High-Altitude Drain Cleaner Recalls Toughest Waterjetting Job Ever

Think you have it rough? Learn how this drain cleaner battles brutal winters on the treacherous peaks of high mountain passes.
High-Altitude Drain Cleaner Recalls Toughest Waterjetting Job Ever
Snowbridge Inc. owners Chris (left) and Bill Tatro take a break for a photo on a job site. Snowbridge, located west of Denver in Colorado’s ski country, has based its success on preventive maintenance and providing a wide range of services to stay busy year-round. (Photo by Carl Scofield)

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Every drain cleaner faces obstacles of one kind or another on a daily basis. But employees at Snowbridge Inc., based in Breckenridge, Colo., encounter some unusually challenging situations based on the area’s topography and geography. 

Take the brutally cold winters, for instance. Breckenridge and surrounding service areas sit an average of 9,500 to 10,000 feet above sea level, and temperatures often dip to 10 or 20 degrees below zero. That creates steady work thawing frozen pipelines in winter. 

Toughest job ever? Clearing out about 1,200 feet of a sanitation district’s frozen 4-inch force main that runs between a treatment plant and a lift station. That job took about four days, doing 400- and 500-foot runs with a water jetter mounted inside a heated and insulated jetter truck built by US Jetting. 

Frequent snowfalls also make winter driving a risky proposition, especially in high mountain passes. But environmentally, the hardest thing to deal with is the cold weather, says company president and co-owner Bill Tatro. “All our equipment is designed to suck water into it or shoot water out of it, so when hoses freeze, it makes things difficult,” he says. 

The high altitude creates operational problems, too, because the thin air robs power from truck engines, pumps and the like. “In general, everything we use has to be a little bit bigger and possess a little bit more horsepower than what you’d run at lower elevations,” he says, noting that Snowbridge’s vacuum trucks are equipped with 400 cfm pumps. “Diesel engines must be turbocharged or they don’t work well.”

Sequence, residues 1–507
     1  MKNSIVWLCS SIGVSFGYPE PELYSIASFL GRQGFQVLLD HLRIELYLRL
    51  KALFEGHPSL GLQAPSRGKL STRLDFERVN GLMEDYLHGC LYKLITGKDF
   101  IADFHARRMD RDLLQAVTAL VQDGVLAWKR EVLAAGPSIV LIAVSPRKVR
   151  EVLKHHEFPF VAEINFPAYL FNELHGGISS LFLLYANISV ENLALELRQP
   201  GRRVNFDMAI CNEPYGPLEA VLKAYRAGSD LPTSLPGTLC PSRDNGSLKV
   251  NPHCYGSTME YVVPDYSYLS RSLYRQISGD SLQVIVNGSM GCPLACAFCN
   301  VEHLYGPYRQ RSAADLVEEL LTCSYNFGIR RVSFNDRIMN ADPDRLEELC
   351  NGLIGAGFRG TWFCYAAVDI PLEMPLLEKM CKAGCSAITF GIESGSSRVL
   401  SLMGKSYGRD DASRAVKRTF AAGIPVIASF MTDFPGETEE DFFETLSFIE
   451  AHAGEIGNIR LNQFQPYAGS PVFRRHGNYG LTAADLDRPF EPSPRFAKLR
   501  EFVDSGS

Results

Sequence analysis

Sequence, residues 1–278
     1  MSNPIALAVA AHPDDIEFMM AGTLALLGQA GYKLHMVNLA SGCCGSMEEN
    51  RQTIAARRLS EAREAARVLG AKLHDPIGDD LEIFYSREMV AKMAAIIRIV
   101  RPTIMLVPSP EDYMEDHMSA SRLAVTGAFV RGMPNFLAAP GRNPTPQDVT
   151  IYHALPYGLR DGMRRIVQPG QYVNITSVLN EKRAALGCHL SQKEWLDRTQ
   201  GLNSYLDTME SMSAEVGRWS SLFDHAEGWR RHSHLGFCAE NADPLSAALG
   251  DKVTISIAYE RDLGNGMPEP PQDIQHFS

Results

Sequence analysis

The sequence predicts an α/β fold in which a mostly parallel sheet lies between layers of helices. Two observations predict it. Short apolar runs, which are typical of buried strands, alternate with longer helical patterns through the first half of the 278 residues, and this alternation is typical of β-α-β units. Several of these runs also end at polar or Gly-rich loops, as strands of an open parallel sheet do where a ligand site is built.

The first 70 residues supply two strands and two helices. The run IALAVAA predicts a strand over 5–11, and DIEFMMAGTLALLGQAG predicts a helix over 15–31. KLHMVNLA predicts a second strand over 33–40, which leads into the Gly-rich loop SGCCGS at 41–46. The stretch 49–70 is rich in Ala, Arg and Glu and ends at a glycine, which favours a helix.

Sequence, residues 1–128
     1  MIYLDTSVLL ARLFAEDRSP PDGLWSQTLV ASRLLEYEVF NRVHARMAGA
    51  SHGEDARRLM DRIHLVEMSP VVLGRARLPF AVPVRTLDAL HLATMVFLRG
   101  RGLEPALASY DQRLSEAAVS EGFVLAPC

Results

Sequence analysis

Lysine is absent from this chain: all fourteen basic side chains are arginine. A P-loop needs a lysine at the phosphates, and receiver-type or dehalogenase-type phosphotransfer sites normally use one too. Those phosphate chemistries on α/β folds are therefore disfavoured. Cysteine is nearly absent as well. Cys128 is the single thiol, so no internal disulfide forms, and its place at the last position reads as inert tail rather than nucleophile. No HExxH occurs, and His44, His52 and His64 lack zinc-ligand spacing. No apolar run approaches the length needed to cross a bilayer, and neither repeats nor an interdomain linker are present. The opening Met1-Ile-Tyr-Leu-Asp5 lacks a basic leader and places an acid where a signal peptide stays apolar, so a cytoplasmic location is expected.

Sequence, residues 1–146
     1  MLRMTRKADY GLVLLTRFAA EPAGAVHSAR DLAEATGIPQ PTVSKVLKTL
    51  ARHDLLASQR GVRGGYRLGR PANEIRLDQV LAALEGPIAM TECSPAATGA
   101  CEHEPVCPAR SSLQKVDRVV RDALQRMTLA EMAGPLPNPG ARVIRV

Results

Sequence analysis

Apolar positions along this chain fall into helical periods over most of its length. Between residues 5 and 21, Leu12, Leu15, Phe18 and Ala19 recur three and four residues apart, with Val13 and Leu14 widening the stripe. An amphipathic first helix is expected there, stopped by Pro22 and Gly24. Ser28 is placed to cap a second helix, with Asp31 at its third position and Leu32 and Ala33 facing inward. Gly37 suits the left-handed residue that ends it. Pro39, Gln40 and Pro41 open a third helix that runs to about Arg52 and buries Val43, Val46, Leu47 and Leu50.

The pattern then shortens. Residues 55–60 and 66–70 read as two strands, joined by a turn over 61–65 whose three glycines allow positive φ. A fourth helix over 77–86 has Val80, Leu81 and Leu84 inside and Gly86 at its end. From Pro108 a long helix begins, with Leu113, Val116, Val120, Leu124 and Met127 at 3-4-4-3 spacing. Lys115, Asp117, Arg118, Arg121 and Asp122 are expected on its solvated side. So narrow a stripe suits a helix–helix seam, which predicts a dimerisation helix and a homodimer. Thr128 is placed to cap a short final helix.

A vacuum-truck blower that pulls 27 inches Hg at sea level pulls only about 16 or 17 inches at high elevations, and a traditional vane pump generates about 30 to 40 percent less vacuum power, explains Chris Tatro, vice-president and co-owner. That makes some pumping operations pretty interesting. 

“You have to keep in mind that sometimes we’re up at 12,000 feet, pumping grease traps and septic systems at resorts, as well as pumping out outhouses for ski resorts and the U.S. Forest Service,” he says. “At times, we may have to use 90 feet of hose, which makes it even tougher. Or a tank we’re pumping out might be located 30 or 40 feet below the truck.” 

To counteract the reduction in vacuum power created by longer, uphill hose runs, crews use a pressure-lift device called the Power Booster, made by Pressure Lift Corp. Typically placed between the first and second sections of hose, it acts like an air pump, generally adding supplemental vacuum power of about 20 cfm at 90 psi, Chris says. 

Want to learn more? Check out a full profile on Snowbridge.


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